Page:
A Liverpool Hope University academic has appeared on BBC Radio Five Live to discuss the terrifying dangers of stalking and coercive control, actions perpetrated by abusive partners.
This week sees the airing of a new ITV documentary - Tonight's Controlled by My Partner? The Hidden Abuse.
The programme focuses on coercive control as a ‘pernicious’ form of domestic abuse, and follows the life of ITV presenter Ruth Dodsworth, whose own husband - Jonathan Wignall - was jailed following a nine-year campaign of controlling abuse, harassment and stalking of his now ex-wife.
The TV show comes as the Home Office proposed new guidance for police to help them to better deal with perpetrators of controlling or coercive abuse.
Dr Emma Katz, a Senior Lecturer in Childhood and Youth at Hope, is a world leading expert on domestic violence.
She’s conducted ground-breaking research into the harmful effects of abhorrent ‘coercive control’, work that has also shone a light on the devastating effects this abuse can have on children and young people.
And speaking with BBC radio host Naga Munchetty, Dr Katz defined coercive control as a ‘pattern of behaviour which a perpetrator imposes on a victim or victims’.
She added: “It’s about the perpetrator wanting to control the day-to-day lives, autonomy and decision making of their partner, and sometimes also their children, making them fearful of behaving in a way which is different from what the perpetrator wants.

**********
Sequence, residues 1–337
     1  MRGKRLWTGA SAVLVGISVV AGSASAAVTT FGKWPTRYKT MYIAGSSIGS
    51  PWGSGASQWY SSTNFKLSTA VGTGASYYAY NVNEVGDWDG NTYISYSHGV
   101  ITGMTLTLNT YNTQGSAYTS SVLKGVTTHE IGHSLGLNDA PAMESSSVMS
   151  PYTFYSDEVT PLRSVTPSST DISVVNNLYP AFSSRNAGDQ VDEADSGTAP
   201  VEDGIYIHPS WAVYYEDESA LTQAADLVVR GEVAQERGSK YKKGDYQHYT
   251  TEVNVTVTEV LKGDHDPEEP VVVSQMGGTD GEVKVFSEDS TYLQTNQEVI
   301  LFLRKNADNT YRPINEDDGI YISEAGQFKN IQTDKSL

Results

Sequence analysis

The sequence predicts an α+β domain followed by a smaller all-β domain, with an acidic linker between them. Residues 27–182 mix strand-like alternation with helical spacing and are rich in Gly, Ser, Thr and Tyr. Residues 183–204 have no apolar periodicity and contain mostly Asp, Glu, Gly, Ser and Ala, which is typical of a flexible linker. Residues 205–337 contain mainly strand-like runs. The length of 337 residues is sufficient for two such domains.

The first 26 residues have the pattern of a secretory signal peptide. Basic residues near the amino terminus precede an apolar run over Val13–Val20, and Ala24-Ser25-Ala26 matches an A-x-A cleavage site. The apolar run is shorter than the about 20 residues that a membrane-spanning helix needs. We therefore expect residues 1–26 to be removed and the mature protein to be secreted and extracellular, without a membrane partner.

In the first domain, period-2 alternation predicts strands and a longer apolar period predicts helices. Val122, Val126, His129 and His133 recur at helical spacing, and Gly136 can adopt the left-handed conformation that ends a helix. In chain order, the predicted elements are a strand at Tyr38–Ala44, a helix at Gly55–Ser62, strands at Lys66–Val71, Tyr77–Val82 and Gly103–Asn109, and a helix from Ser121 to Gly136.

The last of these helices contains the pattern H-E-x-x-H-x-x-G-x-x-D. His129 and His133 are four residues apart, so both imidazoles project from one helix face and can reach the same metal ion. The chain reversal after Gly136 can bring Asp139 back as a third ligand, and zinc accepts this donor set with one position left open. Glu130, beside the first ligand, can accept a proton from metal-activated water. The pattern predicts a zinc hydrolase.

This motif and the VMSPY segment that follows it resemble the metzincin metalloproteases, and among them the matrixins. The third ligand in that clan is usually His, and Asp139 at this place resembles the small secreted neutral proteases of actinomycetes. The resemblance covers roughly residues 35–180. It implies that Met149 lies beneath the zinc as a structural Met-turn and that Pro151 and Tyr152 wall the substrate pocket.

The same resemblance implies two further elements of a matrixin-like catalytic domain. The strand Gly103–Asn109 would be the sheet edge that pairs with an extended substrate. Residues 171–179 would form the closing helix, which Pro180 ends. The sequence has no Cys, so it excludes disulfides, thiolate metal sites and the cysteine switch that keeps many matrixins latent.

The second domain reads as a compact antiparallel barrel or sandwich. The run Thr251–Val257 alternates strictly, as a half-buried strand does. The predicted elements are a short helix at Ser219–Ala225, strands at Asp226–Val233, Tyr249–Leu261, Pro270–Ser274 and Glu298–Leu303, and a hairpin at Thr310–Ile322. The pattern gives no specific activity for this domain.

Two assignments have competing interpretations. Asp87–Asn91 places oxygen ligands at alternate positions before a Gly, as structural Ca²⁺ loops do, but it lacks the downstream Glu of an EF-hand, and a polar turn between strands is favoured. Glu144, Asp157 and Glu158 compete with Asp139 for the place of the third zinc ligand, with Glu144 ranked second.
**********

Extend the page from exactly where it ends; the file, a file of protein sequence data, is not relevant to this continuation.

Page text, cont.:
“The perpetrator makes them fearful by behaving in a menacing and threatening way. If they don’t comply with what the perpetrator wants, the victims will be punished.
“That punishment might be physical but it also might be emotional, such as saying horrible things, or even a financial punishment, such as taking the rent money and spending it frivolously so that the victim is frantic about how you’re going to pay their rent.”
Dr Katz, author of upcoming book Coercive Control in Children’s and Mothers’ Lives, described how victims are living in ‘daily fear’ without the decision making power that ‘all human beings, adults and children, should have’.
And on the subject of child victims, Dr Katz added: “People tend to think that when children are living with domestic violence, or domestic abuse, that the worst thing that’s happening to them is that they might witness their dad hit their mum - and coercive control does seem to be predominantly male perpetrated though there are male victims.
“But the worst thing is not just witnessing violence - indeed the perpetrator may not even be violent - because the perpetrator can be incredibly harmful in other ways.
“The children will be affected by every aspect of what the perpetrator is doing. If mum can’t move about freely in the community, if she has to account for her whereabouts at all times, then she can’t take the children out and about either.
“So many of the mums and children I’ve spoken with have said that, for the children, their life was just school and home, school and home. They couldn’t go to their friend’s house, they couldn’t go to birthday parties, the children can’t necessarily play freely in their own home because the perpetrator won’t tolerate mess or noise.
“And while perpetrators might want to play the parent and spend time with their children when they want to, when they don’t want to play the role of a parent, they instead want their children to disappear into the wallpaper and pretend that they have no needs.”
Dr Katz also had advice for victims and survivors of coercive control.